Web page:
Today I engaged in a roundtable discussion with some of my amazing colleagues at McPherson College as we spent time processing what it was like to teach during the Covid-19 pandemic. The fact that President Schneider allowed time and space for us to process our experiences made me feel valued. The organizational question asked of us was “What did you learn?”
I didn’t share much at the roundtable because, well, I am a writer and why waste a good journal prompt on the spoken word when I can hoard the idea, listen to others and rush home to fill my blog with all of my insights and ideas. Here is what I learned:
- Most of what works in teaching during a pandemic works even better when not in a pandemic. Open communication, flexibility, patience and grace. Flexible deadlines and the willingness to communicate the same message again and again to students who have questions is something I have always done as a teacher. It was even more important during hybrid course delivery.
- Today’s students are often living in pandemic-like situations even when the rest of us, who are insulated from hunger, poverty, abuse, neglect, and anxiety about where the next ——– is coming from, can easily pretend the world is a stable place. When all the unknowns during Covid-19 left me taking on bad habits or attempting to escape rather than get my work done, I realized that we, as teachers, often expect our students to juggle these kinds of stressors all the time.
- I am not a teacher-centric teacher. If a student doesn’t know how to write a good essay, I don’t consider that an insult to me or that it is beneath me to teach such a student or that someone else in the faculty food-chain should have taught him this instead of me. The truly valuable educational moments are not mine, as the teacher, to dictate. I can plan for teachable moments, but they aren’t always going to happen according to my best-laid plans. Teachable moments operate much more like Nirvana.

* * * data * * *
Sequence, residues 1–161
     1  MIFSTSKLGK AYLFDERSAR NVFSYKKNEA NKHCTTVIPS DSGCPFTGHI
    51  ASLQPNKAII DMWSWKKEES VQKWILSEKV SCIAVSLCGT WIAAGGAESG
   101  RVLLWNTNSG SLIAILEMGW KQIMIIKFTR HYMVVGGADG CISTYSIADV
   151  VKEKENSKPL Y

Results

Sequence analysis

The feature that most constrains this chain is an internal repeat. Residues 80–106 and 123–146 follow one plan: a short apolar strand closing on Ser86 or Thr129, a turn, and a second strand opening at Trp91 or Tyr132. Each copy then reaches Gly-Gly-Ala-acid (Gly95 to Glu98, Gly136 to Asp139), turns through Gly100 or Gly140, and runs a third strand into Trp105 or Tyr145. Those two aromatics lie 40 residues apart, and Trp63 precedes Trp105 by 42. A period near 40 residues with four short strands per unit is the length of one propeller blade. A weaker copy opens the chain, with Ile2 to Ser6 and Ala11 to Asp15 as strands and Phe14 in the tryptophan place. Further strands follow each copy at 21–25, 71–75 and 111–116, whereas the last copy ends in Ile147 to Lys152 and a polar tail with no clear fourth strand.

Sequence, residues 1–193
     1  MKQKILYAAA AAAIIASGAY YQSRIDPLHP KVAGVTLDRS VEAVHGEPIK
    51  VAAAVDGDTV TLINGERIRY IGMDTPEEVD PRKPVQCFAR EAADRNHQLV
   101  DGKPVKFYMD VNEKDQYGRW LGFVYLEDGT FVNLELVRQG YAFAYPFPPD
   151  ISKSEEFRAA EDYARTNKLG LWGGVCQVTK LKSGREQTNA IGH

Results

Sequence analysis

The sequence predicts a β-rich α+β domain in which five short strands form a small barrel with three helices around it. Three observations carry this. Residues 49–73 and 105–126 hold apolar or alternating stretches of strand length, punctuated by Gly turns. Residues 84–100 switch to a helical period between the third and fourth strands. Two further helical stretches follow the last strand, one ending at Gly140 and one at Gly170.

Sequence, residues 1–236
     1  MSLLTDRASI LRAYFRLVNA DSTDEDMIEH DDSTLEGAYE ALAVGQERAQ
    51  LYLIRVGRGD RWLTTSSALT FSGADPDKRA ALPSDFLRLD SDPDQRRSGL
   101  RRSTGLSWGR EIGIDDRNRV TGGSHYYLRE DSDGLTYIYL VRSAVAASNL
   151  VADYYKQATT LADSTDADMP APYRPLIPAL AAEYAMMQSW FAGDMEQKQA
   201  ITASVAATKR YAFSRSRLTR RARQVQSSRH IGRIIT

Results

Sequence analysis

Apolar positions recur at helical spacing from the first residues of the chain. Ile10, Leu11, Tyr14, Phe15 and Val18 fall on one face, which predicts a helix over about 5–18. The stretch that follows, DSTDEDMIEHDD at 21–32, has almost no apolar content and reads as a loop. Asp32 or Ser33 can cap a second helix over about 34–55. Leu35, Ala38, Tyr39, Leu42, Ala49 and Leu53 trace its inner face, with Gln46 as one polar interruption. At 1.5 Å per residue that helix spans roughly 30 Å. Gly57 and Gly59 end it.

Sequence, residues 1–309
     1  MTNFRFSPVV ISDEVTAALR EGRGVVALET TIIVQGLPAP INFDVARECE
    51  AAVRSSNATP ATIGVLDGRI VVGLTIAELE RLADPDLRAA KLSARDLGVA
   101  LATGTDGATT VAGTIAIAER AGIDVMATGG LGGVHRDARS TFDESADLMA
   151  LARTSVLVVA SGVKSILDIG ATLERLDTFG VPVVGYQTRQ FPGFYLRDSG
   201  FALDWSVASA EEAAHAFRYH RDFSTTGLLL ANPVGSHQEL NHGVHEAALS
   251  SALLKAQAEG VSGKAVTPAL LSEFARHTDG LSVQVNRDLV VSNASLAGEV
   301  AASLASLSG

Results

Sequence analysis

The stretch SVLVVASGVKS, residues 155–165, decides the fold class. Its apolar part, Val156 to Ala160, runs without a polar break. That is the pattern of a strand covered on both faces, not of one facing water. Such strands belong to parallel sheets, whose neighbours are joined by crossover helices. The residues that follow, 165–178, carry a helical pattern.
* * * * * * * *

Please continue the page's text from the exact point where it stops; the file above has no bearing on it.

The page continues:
- Flexibility and inconsistency are not the same thing.
- I simplified my lesson plans and it helped me to teach better. Post-pandemic, I will continue to simplify.
- I was cognizant throughout the pandemic that part of my job as a teacher was to model for students an honest but positive quest to thrive while in survival mode. I might not be teaching my dream lesson plan on Zoom (because my dream lesson plan consists of fully exposed faces in face-to-face format) but I could still have a good day.
- It was easier to allow at-risk students to fall through the cracks during the pandemic and it was much more difficult to pull them up through those cracks after they took the plunge into failure.
- It is ALWAYS important to take time to connect because without human connection, retention won’t happen. They will always remember how you made them feel is often quoted, but the pandemic taught me that this remembering and feeling is the only gate through which any kind of meaningful learning can be attained. This is foundational.
- Children learn what they live is another well-known parenting mantra, and we readily accept that this applies to small children, but what we don’t always remember is that the children in this premise grow up often to become those self-fulfilling prophecies I studied about in sociology class. Good teaching changes narratives rather than just reinforcing existing ones.